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Ethical principles, opportunities and constraints in clinical proteomics

Overview of attention for article published in Molecular and Cellular Proteomics, January 2021
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About this Attention Score

  • In the top 25% of all research outputs scored by Altmetric
  • High Attention Score compared to outputs of the same age (89th percentile)
  • High Attention Score compared to outputs of the same age and source (90th percentile)

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33 tweeters
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1 Facebook page
Title
Ethical principles, opportunities and constraints in clinical proteomics
Published in
Molecular and Cellular Proteomics, January 2021
DOI 10.1074/mcp.ra120.002435
Pubmed ID
Authors

Sebastian Porsdam Mann, Peter V. Treit, Philipp Emanuel Geyer, Gilbert S. Omenn, Matthias Mann

Abstract

Recent advances in MS-based proteomics have vastly increased the quality and scope of biological information that can be derived from human samples. These advances have rendered current workflows increasingly applicable in biomedical and clinical contexts. As proteomics is poised to take an important role in the clinic, associated ethical responsibilities increase in tandem with the impact on the health, privacy, and well-being of individuals. Here we conducted and report a systematic literature review of ethical issues in clinical proteomics. We add our perspectives from a background of bioethics, the results of our accompanying paper extracting individual-sensitive results from patient samples, and the literature addressing similar issues in genomics. The spectrum of potential issues ranges from patient re-identification to incidental findings of clinical significance. The latter can be divided into actionable and unactionable findings. Some of these have the potential to be employed in discriminatory or privacy-infringing ways. However, incidental findings may also have great positive potential. A plasma proteome profile, for instance, could inform on the general health or disease status of an individual regardless of the narrow diagnostic question that prompted it. We suggest that early discussion of ethical issues in clinical proteomics is important to ensure that eventual regulations reflect the considered judgment of the community as well as to anticipate opportunities and problems that may arise as the technology matures further.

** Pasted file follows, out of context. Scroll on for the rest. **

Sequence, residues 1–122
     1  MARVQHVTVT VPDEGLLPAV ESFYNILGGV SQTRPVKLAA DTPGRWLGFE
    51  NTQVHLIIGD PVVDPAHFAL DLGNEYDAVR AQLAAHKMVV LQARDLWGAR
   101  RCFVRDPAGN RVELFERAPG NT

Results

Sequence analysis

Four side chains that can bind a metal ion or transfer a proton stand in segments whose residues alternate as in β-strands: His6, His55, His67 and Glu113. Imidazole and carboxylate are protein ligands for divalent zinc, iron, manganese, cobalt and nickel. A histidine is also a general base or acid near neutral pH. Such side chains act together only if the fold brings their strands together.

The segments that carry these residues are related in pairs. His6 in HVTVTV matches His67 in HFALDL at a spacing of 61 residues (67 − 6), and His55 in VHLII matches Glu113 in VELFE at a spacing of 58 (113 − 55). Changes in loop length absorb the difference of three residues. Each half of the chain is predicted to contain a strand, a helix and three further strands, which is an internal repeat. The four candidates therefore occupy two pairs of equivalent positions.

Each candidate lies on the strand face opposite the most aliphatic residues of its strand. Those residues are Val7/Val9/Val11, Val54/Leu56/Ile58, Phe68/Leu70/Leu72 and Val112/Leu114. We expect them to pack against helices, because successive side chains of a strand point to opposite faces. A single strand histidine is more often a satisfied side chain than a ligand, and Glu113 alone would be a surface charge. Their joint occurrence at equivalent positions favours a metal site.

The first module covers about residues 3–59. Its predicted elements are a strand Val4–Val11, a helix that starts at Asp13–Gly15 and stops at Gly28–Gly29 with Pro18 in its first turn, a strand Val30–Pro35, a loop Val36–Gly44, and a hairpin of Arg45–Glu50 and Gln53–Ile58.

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Attention Score in Context

This research output has an Altmetric Attention Score of 19. This is our high-level measure of the quality and quantity of online attention that it has received. This Attention Score, as well as the ranking and number of research outputs shown below, was calculated when the research output was last mentioned on 15 January 2021.
All research outputs
#1,159,295
of 16,652,557 outputs
Outputs from Molecular and Cellular Proteomics
#151
of 2,754 outputs
Outputs of similar age
#29,977
of 280,804 outputs
Outputs of similar age from Molecular and Cellular Proteomics
#5
of 53 outputs
Altmetric has tracked 16,652,557 research outputs across all sources so far. Compared to these this one has done particularly well and is in the 93rd percentile: it's in the top 10% of all research outputs ever tracked by Altmetric.
So far Altmetric has tracked 2,754 research outputs from this source. They typically receive a little more attention than average, with a mean Attention Score of 6.1. This one has done particularly well, scoring higher than 94% of its peers.
Older research outputs will score higher simply because they've had more time to accumulate mentions. To account for age we can compare this Altmetric Attention Score to the 280,804 tracked outputs that were published within six weeks on either side of this one in any source. This one has done well, scoring higher than 89% of its contemporaries.
We're also able to compare this research output to 53 others from the same source and published within six weeks on either side of this one. This one has done particularly well, scoring higher than 90% of its contemporaries.